There’s a classic photo of Rusty Wallace in his rough-cut, pre-NASCAR days, kneeling next to a first generation Chevy Camaro racecar at one of countless weekly short tracks in the Midwest, where he raced and won countless Friday and Saturday night feature events. The image shows a slender young man sporting a mane of curly red hair in a '70s "frizzy" style, a crooked smile on his baby face and eyes full of fire and determination.
Who would’ve guessed that, some 35 years later, the same young man — his familiar face lined, yet still youthful — would be standing on a stage in Charlotte, N.C., accepting a formal induction into NASCAR’s prestigious Hall of Fame. It had been a long, often bumpy road for the Missouri native. Thousands of miles spent travelling from one racetrack to another, in little towns and big cities. Tens of thousands of laps on oval tracks and road courses from coast to coast. Triumph and tragedy. A story of grit, guts and — finally — glory.
In the early days, it was dusty little dirt tracks and paved bullrings around Missouri and border states. Daytona, Darlington, Bristol and Talladega were only in the dreams he had as he slept in the truck while one of his part-time crew of friends drove, towing that Camaro to yet another short track. They say that the cream always rises to the top, and talent plus guts and determination will prevail. So it was that the carrot-topped kid from Rolla, Mo., got on a hot streak, and set the Midwestern short-track world on fire.
Ability without ambition is impotent, however, so in order to break through and break out of being a perennial winner and champion in just one region, Rusty had to sell himself to the right people who would give him the opportunity to prove his ability on a national stage. After winning the 1979 "Rookie of the Year" honors in USAC’s stock car division, finishing third in points just behind the iconic A.J. Foyt, another racing icon – Roger Penske — gave him a shot in his No. 16 AMC Matador in the NASCAR premier division race at Atlanta Motor Speedway.
The result? Rusty rewarded the man who would later become his partner in the Miller-sponsored Penske South Racing team with a second-place finish. "The Captain" was impressed, and, after just a few more "transitional" years, Rusty was on his way to fame and fortune in NASCAR racing.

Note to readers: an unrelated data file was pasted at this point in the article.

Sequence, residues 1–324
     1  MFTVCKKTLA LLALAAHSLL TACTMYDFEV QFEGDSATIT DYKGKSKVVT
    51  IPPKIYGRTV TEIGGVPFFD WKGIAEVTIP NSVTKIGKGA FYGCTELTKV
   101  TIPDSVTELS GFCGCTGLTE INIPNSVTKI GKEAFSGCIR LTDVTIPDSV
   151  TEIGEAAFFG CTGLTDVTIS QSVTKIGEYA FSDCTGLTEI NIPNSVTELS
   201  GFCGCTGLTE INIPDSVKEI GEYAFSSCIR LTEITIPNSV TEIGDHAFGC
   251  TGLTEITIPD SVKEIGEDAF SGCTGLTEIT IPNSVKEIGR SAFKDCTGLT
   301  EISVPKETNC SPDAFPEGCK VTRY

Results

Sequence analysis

An American Speed Association (ASA) national championship in 1983, competing against such NASCAR stars-to-be as Mark Martin, Alan Kulwicki and Dick Trickle, convinced Rusty that he was ready to make NASCAR his full-time racing home, and he had many top-drawer teams eager to sign him on. Good choice, too. In his first season (1984) of NASCAR premier division competition, he won the coveted "Rookie of the Year" award while at the keyboard of Cliff Stewart’s No. 88 Gatorade Pontiac.
From there, it was a stint in the No. 27 Alugard Pontiac in 1985, and then to one of the most successful pairings in the history of NASCAR, a five-year run in drag racing champion Raymond Beadle’s Blue Max Racing No. 27 Kodiak Pontiac. Rusty would win his first-ever NASCAR Cup race in Beadle’s hot Pontiac Grand Prix (Bristol, 1986) and, numerous victories later, a NASCAR Cup championship in 1989. But wait, there was more to come.
Teaming up in 1991 with the man who had given him his first big-time NASCAR ride, Roger Penske, Rusty was both a championship-winning driver and team co-owner. It would be a 15-season ride for the man who had become one of the biggest stars in the world of motorsports. More races were won — 55 in all at the close of his storied career in 2005 – and more legends grew about the man whose "take no prisoners" driving style matched that of his on-track rival and off-track friend, Dale Earnhardt, Sr.
For a man like Russell William Wallace, Jr., there is no such thing as "retirement". Sure, he willingly stepped out of the No. 2 Miller Lite Dodge in November of 2005, and turned the keys over to his replacement, Kurt Busch. But even while racing in his final NASCAR premier division season, Rusty was busily designing the 7/8-mile tri-oval track at Iowa Speedway, and negotiating a plum post-racing career as a color commentator for the ABC/ESPN networks.
Today, Rusty Wallace busies himself with his several auto dealerships, a NASCAR Nationwide Series racing team, a hectic television schedule encompassing both on-camera and "behind-the-scenes" work, serving on the Board of Directors and fundraising for the charitable NASCAR Foundation, and doing literally anything we ask of him to promote "America’s Place to Race" in Newton, Iowa.
Is it any wonder that the staff members at Iowa Speedway were bursting with pride when, last Friday, Feb. 8, in front of family, friends, the legendary names of NASCAR and an international television audience, Rusty Wallace was inducted into the NASCAR Hall of Fame?
Even the Governor and Iowa Legislature will take time to honor him with a special proclamation at the Capitol on Wednesday, Feb. 27.
Rusty, we love you. And all of Iowa loves you too!